In an official statement called “Academy Aperture 2025,” Academy CEO Dawn Hudson has announced new efforts to increase diversity in the film community, including plans for a more inclusive Oscar race.
“While the Academy has made strides, we know there is much more work to be done in order to ensure equitable opportunities across the board,” Hudson said in a statement. “The need to address this issue is urgent. To that end, we will amend — and continue to examine — our rules and procedures to ensure that all voices are heard and celebrated.”
To this end, “the Academy and the Producers Guild of America (PGA) are creating a task force of industry leaders “to develop and implement new representation and inclusion standards for Oscars eligibility by July 31, 2020.”
Right away I asked myself “what exactly will this mean”?
More Academy members of color and different cultures, one presumes, but what else?
Are we talking about some kind of new Hays Code, only this time focusing on racial inclusion and positive messaging rather than matters of sexual behavior and violence and immorality, which sparked the establishment of conservative depiction standards in films starting in ‘34 and lasting until ‘66 or ’67?
Inclusion standards in terms of what? Subject matter? As in “stories that don’t reflect or represent positive attitudes and dynamics about ethnicity vs. whiteness”?
Are we talking about the Academy approving or otherwise supporting the hiring of persons of color in the casting of films and miniseries and whatnot? Are we talking about refusing Oscar recognition if this or that film doesn’t feature a certain percentage of characters of color in the stories being told?
Are we talking about a new industry-wide standard that might result in films like Mank, set in the early 40s and concerned largely with white characters, being vaguely frowned upon?
I’m just thinking out loud but what would “new representation and inclusion standards” actually mean?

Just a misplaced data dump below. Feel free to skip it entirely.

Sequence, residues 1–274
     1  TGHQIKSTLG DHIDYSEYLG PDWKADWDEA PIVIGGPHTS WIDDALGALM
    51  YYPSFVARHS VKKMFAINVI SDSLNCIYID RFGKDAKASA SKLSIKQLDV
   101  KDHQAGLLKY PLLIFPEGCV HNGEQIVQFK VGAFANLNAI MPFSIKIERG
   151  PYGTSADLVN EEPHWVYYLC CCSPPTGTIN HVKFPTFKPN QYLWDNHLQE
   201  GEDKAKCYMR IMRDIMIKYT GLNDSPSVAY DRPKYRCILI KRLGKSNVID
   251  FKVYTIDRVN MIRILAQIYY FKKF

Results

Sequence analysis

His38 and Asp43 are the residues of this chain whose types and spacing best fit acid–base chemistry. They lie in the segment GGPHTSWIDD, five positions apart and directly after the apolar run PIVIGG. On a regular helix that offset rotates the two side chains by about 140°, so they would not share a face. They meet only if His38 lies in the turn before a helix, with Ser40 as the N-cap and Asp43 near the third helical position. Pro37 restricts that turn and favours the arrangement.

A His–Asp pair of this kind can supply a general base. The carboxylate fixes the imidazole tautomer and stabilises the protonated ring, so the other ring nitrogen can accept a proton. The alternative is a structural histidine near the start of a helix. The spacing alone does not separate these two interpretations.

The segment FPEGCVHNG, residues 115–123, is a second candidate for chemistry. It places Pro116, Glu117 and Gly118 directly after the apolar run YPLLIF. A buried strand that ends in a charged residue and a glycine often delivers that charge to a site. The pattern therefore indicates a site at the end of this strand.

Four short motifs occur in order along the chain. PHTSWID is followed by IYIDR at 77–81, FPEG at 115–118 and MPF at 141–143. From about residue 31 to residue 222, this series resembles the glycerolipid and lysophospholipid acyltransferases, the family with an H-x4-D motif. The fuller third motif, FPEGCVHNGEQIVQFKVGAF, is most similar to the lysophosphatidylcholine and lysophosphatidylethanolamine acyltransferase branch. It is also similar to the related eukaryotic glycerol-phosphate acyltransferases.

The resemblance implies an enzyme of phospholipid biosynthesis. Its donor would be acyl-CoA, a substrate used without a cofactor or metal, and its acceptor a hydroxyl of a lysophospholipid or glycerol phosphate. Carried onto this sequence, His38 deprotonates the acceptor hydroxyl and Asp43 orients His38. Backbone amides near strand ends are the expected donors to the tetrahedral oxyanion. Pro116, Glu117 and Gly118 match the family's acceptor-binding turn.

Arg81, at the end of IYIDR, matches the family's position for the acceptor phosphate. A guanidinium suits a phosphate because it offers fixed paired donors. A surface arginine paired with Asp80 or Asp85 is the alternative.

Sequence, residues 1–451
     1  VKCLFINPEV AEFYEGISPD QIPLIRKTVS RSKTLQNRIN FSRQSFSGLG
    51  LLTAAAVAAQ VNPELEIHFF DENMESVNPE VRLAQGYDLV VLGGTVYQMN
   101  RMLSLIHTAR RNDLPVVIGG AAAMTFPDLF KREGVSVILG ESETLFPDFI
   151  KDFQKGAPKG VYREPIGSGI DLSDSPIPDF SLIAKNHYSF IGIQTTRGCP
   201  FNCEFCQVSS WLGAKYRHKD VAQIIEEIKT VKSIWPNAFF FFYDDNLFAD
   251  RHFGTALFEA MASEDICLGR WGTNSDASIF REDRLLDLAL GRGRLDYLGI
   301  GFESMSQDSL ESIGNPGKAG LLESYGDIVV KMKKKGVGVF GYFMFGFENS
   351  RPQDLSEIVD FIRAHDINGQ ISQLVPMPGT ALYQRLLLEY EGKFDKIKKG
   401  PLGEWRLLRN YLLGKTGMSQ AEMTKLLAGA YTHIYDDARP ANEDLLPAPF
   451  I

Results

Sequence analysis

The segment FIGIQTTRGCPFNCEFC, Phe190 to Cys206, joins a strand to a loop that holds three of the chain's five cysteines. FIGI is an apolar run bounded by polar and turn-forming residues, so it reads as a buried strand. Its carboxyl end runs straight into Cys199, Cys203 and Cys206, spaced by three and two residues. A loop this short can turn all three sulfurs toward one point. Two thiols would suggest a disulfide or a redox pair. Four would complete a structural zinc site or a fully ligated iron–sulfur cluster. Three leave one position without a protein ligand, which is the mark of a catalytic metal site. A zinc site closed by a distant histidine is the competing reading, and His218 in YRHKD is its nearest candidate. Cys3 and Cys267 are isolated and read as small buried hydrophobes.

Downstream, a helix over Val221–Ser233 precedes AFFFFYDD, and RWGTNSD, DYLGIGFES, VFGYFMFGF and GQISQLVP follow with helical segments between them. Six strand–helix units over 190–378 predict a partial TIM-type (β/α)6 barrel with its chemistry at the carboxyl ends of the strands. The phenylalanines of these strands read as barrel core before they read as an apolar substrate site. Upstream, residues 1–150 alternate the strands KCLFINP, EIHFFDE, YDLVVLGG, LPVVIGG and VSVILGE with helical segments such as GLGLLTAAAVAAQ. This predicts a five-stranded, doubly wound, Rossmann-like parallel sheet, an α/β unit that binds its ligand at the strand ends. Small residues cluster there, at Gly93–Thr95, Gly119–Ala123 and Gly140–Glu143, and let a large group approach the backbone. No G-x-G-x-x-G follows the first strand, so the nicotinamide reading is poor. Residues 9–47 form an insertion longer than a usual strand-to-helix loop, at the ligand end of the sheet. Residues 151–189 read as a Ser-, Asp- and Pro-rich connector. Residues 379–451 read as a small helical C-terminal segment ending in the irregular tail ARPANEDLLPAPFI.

A couple of hours ago I asked a couple of Academy spokespersons for some specific clarification…crickets.
Journo pally #1: “Yes, you should ask all these questions, publicly. Representing those of us who can’t.”
Journo pally #2: “All very good questions about a clear move to restore the kind of rules and censorship many of us worked very hard to sweep away in the late ’60 and early ‘70s. The days of ‘anything goes’ are coming to a close. Look at the banning of Gone With the Wind. Is everyone so delicate they can’t look at things made in the past under different circumstances and put them in historical perspective?”
Dave Chappelle‘s George Floyd riff starts at the 5:00 mark and ends at 7:30. And then it picks up again after the 8:00 mark. But in the middle of this, at 7:35, comes his Don Lemon riff, which made me laugh out loud. After describing Lemon as “that hotbed of reality,” Chappelle says he flinched when Lemon called out showbiz celebrities for not being sufficiently angry or demonstrative enough about Floyd’s murder. “This [n-word] was talkin’ about everybody…I was screamin’ at the TV, ‘I dare you to say me, [n-word]….I dare you. This is the streets talkin’ for themselves…they don’t need me right now.”
At 14:55, Chappelle calls Laura Ingraham the c-word. He also calls Staten Island “an awful place…yuk.”
The 26-minute set was filmed on Saturday, June 6 in Yellow Springs, Ohio.